In children diagnosed with extended chronic nonbacterial osteomyelitis, early-onset pamidronate therapy reduced radiologic and clinical activity substantially over 2 years, although there were cases of continually active disease as well as relapses following remission during this period, according to a report published in The Journal of Rheumatology.
With a variable clinical course, treatment for this disease is often empiric, with nonsteroidal anti-inflammatory drugs used as first-line therapy, and amino-bisphosphonate pamidronate and/or tumor necrosis factor alpha inhibitors used as second-line therapies for those whose disease does not respond to first-line therapy. Investigators sought to determine whether pamidronate treatment in pediatric patients helped improve clinical and radiologic disease activity over 2 years.
A retrospective cohort study conducted at a single Danish center identified 51 patients (mean age at diagnosis, 10.7 years; 62.7% female; median time between first symptoms and diagnosis, 9 months; median follow-up time, 4 years; median erythrocyte sedimentation rate at diagnosis, 11 mm; HLA-B27 positivity, 14%) diagnosed from 2007 through 2015 with extended (n=32; 63%) or limited (n=19; 37%) chronic nonbacterial osteomyelitis according to the Bristol criteria. A total of 15 patients (29%) had inflammatory comorbidity at baseline.
Radiologic assessment at baseline was performed using whole-body and/or local magnetic resonance imaging (MRI), and/or bone scintigraphy. Extended disease was defined by multifocal or spinal inflammation not responsive to nonsteroidal anti-inflammatory drugs. In these individuals, clinical activity was evaluated annually, and whole-body MRI was performed at baseline and at 1 and 2 years in 88%, 84%, and 91% of cases, respectively. Those with extended disease were treated with a 2-year intravenous pamidronate regimen (0.5 mg/kg/d initially, followed by 1 mg/kg/d over 3 consecutive days every 3 months).
Radiologic remission required no bone lesions on follow-up MRI; clinical remission required patients to have no inflammatory signs or symptoms and normal erythrocyte sedimentation rate. On medication, clinical remission was defined as inactive disease for 6 months; off medication, remission required inactive disease for ≥12 months.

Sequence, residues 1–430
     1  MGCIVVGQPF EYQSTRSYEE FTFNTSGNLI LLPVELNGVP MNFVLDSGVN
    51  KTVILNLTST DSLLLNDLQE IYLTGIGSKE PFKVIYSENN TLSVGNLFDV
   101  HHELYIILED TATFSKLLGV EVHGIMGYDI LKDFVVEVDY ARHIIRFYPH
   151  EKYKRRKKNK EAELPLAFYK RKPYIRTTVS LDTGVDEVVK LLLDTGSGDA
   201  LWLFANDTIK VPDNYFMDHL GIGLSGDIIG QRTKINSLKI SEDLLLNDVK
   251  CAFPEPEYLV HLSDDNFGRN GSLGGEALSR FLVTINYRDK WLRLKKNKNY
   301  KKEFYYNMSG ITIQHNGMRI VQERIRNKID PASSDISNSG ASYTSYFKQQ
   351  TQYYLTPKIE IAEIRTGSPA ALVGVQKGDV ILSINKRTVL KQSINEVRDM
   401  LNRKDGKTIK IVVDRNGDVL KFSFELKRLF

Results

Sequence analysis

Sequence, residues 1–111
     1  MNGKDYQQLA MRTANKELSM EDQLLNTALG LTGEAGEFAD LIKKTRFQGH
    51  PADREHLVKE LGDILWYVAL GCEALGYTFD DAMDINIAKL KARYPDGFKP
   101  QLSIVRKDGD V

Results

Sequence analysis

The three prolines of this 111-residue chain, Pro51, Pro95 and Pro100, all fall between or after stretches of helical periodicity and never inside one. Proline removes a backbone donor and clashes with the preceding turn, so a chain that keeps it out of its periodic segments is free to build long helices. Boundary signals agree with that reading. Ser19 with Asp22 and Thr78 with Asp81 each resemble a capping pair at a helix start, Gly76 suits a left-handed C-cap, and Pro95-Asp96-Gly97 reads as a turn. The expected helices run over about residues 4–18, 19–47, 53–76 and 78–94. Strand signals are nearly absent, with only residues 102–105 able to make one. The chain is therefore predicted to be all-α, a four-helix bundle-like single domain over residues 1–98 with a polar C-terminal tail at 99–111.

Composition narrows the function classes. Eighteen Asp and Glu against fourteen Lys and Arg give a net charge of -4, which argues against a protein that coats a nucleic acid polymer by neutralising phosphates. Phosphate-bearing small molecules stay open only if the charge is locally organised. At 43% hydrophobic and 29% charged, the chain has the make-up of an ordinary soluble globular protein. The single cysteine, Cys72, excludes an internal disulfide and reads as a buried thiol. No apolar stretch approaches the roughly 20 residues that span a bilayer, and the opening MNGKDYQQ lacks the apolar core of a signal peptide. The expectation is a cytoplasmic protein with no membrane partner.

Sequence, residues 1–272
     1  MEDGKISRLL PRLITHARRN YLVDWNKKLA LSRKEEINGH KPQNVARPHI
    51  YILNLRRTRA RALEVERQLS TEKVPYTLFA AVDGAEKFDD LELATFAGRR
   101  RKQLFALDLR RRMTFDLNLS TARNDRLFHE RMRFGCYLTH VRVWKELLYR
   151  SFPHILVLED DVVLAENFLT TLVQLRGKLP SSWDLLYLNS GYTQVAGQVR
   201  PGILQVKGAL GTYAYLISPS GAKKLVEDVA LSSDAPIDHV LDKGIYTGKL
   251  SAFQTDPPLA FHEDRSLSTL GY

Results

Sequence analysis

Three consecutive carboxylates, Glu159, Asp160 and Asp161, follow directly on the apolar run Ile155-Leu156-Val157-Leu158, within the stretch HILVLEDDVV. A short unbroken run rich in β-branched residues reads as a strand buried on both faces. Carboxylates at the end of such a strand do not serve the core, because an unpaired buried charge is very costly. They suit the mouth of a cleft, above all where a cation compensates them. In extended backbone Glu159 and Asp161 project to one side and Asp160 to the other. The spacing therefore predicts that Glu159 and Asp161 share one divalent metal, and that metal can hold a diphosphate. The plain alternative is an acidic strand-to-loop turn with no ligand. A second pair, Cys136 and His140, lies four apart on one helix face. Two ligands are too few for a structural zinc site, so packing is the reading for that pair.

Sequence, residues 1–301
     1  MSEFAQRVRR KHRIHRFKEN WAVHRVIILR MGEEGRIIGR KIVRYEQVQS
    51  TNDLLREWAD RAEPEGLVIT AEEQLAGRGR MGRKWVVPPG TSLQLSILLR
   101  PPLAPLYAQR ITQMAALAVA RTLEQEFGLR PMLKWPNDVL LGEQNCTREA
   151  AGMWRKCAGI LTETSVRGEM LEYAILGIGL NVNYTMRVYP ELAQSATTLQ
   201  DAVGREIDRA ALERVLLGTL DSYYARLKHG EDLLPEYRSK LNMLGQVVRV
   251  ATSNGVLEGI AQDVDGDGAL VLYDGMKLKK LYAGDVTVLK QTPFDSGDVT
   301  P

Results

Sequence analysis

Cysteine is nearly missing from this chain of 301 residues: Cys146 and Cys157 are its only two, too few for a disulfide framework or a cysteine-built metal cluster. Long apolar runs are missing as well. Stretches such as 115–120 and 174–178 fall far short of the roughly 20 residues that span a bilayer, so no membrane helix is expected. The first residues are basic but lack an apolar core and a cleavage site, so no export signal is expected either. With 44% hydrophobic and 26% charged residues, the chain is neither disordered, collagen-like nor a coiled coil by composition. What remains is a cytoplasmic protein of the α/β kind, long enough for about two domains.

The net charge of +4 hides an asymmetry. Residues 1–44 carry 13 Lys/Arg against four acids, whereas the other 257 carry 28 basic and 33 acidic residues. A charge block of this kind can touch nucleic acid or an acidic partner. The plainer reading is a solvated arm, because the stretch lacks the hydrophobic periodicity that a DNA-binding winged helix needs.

A median of 5 bone lesions were present at baseline in all children, with the tibia the most common location; 13 of 51 (25%) had spinal lesions, with the thoracic spine the most frequent site. Over the course of the first year, there were significant reductions in spinal bone lesions (P =.01) and lesions per patient, with the median decreasing from 6 to 2 in patients with extended disease (P =.01).
After the first year of pamidronate therapy, 12 of 32 (38%) of those with extended disease had clinical remission; 8 of these 12 (67%) eventually had relapse of disease. Radiologic results showed that 7 of 31 (23%) children from the extended group achieved remission, but 3 of 7 (43%) had relapse of disease after 24 months, and 10 of 31 (32%) had disease remission at 2 years. For those with limited disease, after 1 and 2 years, respectively, 10 of 19 (53%) and 10 of 16 (63%) patients were in clinical remission on and off medication, respectively.
Study limitations included a nonvalidated disease definition, treatment strategy according to institutional standards, retrospective design, and non-blinded assessments by pediatric radiologists.
“We found that pamidronate might contribute to clinical improvement and improvement of radiological outcome in [chronic nonbacterial osteomyelitis]. However, relapse is rather frequent,” noted the authors. They recommended that future research involve placebo-controlled designs that further develop outcome measures and evaluate treatment responses.
Andreasen CM, Jurik AG, Glerup M, et al. Response to early-onset pamidronate treatment in chronic non-bacterial osteomyelitis: a retrospective single center study [published online April 15, 2019]. J Rheumatol. doi:10.3899/jrheum.181254